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UK boards should examine bonus pay structures CIMA suggests

The UK has the second-least meritocratic bonus system in the world, according to a global poll of 6,500 financial decision makers carried out by the Chartered Institute of Management Accountants (CIMA). The organisation is calling for bonus systems to be designed to encourage long-term success rather than only short-term performance.

The main concern expressed by professionals’ about bonuses is that rewarding the performance in only one area of peoples’ responsibilities encourages an over-focus on that while devoting less attention to other activities. This might narrow down the idea of what success should look like, rather than encouraging the joined-up thinking on which sustainable results depend. Of those respondents who work in companies that operate a bonus scheme, nearly half (48%) felt bonuses rewarded short-term performance at the expense of long-term goals. Internationally, the UK came fifth in a ranking of firm’s awarding bonuses according to short term results, a table topped by China and New Zealand.

The survey found that of the respondents whose companies operate a bonus scheme, more than a third (35%) of UK finance professionals feel bonuses for top earners – including salespeople, fund managers board members and more – are undeserved, a proportion only topped by the United Arab Emirates where 42% felt they were unjustified. 62% of UK professionals felt unjustified bonuses caused resentment amongst their colleagues, rising to 97% amongst workers in the North East. As a result, CIMA is calling for bonuses to be rethought so they reward work which can be shown to benefit an organisation’s full business model in both the short and the long terms.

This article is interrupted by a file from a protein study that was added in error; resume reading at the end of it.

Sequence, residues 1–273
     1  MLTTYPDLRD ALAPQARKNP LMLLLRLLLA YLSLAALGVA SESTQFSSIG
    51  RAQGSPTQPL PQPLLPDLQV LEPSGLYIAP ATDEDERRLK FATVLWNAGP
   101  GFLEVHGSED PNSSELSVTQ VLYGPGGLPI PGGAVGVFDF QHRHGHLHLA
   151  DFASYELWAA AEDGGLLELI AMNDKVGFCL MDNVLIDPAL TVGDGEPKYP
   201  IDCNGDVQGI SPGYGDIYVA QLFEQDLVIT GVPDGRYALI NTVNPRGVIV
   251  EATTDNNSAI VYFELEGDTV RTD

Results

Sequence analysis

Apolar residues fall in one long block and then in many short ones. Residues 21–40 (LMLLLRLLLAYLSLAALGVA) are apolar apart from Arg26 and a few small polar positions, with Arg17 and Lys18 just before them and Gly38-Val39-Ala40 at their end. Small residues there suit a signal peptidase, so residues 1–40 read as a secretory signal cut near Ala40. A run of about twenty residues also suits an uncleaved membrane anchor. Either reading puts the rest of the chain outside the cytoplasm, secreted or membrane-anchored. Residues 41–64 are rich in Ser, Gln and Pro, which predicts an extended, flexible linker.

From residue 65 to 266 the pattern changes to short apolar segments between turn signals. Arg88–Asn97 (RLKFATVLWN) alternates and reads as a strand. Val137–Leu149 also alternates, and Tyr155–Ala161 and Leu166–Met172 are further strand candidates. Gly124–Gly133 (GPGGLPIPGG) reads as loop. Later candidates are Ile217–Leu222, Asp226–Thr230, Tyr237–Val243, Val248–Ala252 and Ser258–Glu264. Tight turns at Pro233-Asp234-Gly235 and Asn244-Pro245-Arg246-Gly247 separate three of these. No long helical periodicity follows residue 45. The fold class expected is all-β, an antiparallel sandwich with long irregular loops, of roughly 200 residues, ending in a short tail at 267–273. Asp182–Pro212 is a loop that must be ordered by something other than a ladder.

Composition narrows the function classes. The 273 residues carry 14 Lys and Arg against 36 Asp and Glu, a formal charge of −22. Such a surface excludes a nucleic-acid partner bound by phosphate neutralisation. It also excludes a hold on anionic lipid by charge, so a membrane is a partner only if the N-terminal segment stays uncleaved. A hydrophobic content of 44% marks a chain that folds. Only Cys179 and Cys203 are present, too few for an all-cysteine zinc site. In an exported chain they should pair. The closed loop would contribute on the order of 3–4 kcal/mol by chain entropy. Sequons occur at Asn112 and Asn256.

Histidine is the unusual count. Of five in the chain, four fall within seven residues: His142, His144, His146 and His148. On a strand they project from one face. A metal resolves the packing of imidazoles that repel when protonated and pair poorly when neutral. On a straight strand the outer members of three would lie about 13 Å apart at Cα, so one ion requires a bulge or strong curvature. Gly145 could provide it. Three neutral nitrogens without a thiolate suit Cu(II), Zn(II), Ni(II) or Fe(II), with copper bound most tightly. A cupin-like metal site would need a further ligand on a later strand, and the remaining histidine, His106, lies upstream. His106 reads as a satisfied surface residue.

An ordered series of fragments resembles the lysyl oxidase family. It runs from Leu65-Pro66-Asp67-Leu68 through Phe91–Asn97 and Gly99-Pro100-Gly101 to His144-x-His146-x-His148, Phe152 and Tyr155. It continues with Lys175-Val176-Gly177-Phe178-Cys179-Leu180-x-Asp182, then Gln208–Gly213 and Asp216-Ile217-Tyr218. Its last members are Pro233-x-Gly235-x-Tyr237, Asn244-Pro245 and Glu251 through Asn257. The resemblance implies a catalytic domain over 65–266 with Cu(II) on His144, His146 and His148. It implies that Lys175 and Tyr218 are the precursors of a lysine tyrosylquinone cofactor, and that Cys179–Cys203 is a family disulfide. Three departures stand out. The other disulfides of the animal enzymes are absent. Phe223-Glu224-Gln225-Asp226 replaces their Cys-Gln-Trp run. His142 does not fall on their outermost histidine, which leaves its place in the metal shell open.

CIMA also suggests that getting bonus pay structures wrong can damage a company’s reputation and therefore its own long term performance which could therefore affect the share price of listed companies.

Tony Manwaring, Executive Vice-President – External Affairs at CIMA, said, “Bonuses are a trust issue as much as a financial issue. If customers and stakeholders perceive a company to be paying exorbitant sums to its employees, it will effect that company’s reputation and erode the trust in which they are held. This is something we saw time and again following the financial crisis.

“So, boards need to think carefully about their bonus structure and this applies to all levels within the business. Current schemes often only focus on ‘hard indicators’ such as short-term revenue, but they should also seek to reward evidence the employee is helping the organisation plan and build for the long term. As a bare minimum, they need to ensure incentives are rooted in a firm understanding of the business model and are aligned to long-term business success. That’s why our new framework to support the understanding of boards of their business models is so important, focusing on how value is shared – what is reinvested, paid in taxes, and distributed to staff and investors. In this context they should go further, looking at the size of bonuses and the differential between the highest and lowest earners, ensuring both are justifiable to wider stakeholders. Doing so is a big step towards building better businesses, trusted by society.”

This research comes as figures published by the Office of National Statistics show that in the financial year ending March 2016 the combined value of all bonuses paid in Great Britain was a record £44.3 billion, surpassing the previous highest amount seen in the financial year ending 2008 and 4.4% higher than in the financial year ending 2015. The largest contributors to this record level of bonus payments were companies in the financial and insurance sectors, at £13.9 billion, an increase of 2.2% over the year. Financial and insurance companies paid the highest average bonus per employee, at £13,400, while the health and social work industry paid the lowest average bonus per employee at close to zero.

What do you think?